MR. HARTWELL: I would certainly advise anybody that not to believe anything L. Ron Hubbard says. To me, he's nothing but a flat out liar. of course, he's a big fabricator of all kinds, but he does quite a job, too, of blowing things up way beyond proportion of what they are.
It's my belief that he has used psychoanalysis, something discovered by another man that Hubbard got hold of, and he has simply called it auditing. It's nothing but psychoanalysis, but he has called it auditing.i Now, I say this because I had some psychoanalysis treatment myself some thirty years.ago. And what little bit of auditing I got into, psychoanalysis is the same thing. And -- the principles of it are identically the same thing. In fact, Ron Hubbard himself gives credit to Freud for a lot of this philosophy.
MRS. HARTWELL: I would like to say this: I -
my heart bleeds for every youth that's in here, because
I know the brainwashing they've had, I know the damage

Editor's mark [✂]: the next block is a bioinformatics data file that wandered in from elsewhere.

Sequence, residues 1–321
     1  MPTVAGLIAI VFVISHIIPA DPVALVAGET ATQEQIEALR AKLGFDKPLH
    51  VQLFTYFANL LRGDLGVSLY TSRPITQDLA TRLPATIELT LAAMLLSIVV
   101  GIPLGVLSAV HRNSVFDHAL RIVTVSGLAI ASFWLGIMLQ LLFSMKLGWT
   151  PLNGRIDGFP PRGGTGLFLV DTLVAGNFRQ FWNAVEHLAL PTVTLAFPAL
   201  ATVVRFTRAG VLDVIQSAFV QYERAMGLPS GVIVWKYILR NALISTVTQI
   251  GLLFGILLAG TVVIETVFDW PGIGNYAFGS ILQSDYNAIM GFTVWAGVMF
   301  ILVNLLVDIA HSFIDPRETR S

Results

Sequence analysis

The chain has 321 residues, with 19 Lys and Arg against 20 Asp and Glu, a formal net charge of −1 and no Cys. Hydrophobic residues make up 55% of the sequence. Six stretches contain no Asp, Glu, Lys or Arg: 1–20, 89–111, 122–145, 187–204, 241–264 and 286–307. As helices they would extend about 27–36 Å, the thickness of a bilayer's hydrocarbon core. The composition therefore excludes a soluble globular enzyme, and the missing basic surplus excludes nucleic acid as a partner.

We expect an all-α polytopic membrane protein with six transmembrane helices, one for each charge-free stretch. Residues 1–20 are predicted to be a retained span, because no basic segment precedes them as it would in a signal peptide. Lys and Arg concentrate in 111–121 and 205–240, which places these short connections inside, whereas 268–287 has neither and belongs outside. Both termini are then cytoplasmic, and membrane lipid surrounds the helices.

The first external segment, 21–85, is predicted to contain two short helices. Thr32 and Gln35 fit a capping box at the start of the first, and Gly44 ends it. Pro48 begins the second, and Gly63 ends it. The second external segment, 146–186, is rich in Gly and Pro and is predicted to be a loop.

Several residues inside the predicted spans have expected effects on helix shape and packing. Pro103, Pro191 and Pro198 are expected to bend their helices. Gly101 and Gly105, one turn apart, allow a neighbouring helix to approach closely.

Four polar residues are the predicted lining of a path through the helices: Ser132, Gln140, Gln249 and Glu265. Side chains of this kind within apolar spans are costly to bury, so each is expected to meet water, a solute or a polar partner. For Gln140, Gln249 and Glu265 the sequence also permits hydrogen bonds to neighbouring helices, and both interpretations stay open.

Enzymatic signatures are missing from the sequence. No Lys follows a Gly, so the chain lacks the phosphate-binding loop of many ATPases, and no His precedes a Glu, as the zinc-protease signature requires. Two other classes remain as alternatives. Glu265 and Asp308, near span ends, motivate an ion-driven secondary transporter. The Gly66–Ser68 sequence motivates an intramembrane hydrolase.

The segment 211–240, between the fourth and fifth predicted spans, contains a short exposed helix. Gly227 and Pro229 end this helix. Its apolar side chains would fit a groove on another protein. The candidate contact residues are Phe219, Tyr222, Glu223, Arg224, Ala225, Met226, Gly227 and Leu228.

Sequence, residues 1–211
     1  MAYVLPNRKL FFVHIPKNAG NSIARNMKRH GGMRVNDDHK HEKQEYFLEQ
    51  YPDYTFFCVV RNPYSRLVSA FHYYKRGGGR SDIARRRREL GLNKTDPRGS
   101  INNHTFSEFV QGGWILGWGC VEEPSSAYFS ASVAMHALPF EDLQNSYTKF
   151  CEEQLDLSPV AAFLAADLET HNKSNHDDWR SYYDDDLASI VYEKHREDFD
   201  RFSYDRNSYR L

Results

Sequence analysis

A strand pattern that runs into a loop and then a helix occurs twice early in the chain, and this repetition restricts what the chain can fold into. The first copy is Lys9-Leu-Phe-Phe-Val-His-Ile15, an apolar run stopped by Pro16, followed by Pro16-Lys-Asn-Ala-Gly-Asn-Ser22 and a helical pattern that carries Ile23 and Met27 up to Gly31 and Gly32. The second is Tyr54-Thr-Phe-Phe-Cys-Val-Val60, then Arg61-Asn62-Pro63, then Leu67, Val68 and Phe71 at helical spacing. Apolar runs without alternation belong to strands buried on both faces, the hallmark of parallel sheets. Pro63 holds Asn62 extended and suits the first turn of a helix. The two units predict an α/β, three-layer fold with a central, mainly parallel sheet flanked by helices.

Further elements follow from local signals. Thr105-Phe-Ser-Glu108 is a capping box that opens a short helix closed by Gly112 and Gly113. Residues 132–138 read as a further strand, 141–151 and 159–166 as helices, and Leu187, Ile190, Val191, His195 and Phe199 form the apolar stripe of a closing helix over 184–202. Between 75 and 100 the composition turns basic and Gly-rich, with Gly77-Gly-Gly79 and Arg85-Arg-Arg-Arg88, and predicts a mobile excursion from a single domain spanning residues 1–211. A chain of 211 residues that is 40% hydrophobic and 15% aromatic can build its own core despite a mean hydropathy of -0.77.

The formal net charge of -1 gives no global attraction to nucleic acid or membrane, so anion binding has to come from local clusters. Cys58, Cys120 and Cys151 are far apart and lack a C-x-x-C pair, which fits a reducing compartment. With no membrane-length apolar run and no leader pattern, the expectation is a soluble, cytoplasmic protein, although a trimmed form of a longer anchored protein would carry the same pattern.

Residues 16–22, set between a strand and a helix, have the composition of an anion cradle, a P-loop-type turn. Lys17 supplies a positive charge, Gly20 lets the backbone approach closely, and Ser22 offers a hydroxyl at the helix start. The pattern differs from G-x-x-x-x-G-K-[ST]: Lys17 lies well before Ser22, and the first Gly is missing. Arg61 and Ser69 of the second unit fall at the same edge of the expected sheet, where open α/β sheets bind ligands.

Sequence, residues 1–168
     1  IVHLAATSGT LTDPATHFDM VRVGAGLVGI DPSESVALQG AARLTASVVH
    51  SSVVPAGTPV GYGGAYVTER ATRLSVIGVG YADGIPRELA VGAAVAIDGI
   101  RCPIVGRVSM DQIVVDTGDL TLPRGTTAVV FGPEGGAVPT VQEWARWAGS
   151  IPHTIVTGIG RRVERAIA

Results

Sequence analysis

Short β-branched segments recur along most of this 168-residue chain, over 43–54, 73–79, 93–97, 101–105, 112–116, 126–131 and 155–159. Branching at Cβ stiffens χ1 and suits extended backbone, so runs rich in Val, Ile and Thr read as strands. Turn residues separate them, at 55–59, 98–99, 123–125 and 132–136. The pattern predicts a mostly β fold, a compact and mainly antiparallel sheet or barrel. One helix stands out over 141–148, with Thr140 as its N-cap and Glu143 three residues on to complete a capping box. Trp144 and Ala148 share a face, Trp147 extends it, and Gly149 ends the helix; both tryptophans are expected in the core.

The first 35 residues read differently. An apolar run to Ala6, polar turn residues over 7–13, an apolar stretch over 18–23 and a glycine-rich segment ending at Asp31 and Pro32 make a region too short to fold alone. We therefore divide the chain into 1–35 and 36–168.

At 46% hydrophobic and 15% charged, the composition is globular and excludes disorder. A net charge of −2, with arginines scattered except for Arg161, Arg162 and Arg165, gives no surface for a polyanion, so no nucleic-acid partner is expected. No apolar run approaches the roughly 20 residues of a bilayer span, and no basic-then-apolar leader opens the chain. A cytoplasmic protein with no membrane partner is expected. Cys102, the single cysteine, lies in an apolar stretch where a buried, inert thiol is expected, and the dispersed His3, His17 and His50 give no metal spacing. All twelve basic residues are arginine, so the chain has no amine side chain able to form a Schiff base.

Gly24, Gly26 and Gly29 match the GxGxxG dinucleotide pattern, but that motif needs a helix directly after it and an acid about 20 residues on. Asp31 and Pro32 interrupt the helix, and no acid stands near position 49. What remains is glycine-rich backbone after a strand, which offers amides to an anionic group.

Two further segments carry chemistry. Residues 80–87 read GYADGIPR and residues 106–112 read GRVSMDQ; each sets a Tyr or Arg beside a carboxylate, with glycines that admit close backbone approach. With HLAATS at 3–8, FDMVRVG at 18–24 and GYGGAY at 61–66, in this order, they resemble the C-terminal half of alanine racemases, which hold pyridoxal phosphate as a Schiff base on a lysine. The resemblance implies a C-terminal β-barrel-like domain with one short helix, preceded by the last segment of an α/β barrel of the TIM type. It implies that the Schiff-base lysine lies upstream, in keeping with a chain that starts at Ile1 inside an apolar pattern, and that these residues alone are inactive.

they've had. We've gone through it. And once they
step out that door and face reality, they need help.
And that's what I feel.
MR. CA-LDERBANK: Dell, did they actually tell you
that auditing would cure your sickness and the side effect
MRS. HARTWELL: Between the auditing and- a good doctor, which there was supposed to have been one of the top doctors in the United States at base is what they told me.
MR. LeCHER: Mr. Berfield, do you have any questions?
MR. BERFIELD: Just a couple: I'm going to ask Mr. -- Ernie - because I know better than to ask a woman - what is your age?
MR. HARTWELL: Sixty-two.
MR. BERFIELD: The reason for that is we've seen a lot of young people come in here, and I was just curious. I will not ask your wife that.
.'I will ask her one question, though. If I could paraphrase, in answer to Mr. Calderbank's question here this treatment that they offered you, would you say that that's fraud in your own mind, not
MR HARTWELL: The treatment they offered Dell?
MR. HARTWELL: Oh, yes, definitely.
I am aware and I agree that certain mental problems can be cured by the process that they use, psychoanalysis, or through psychiatric treatment. We all know that. And they probably do enjoy a certain amount of success with the problems that people have, mentally.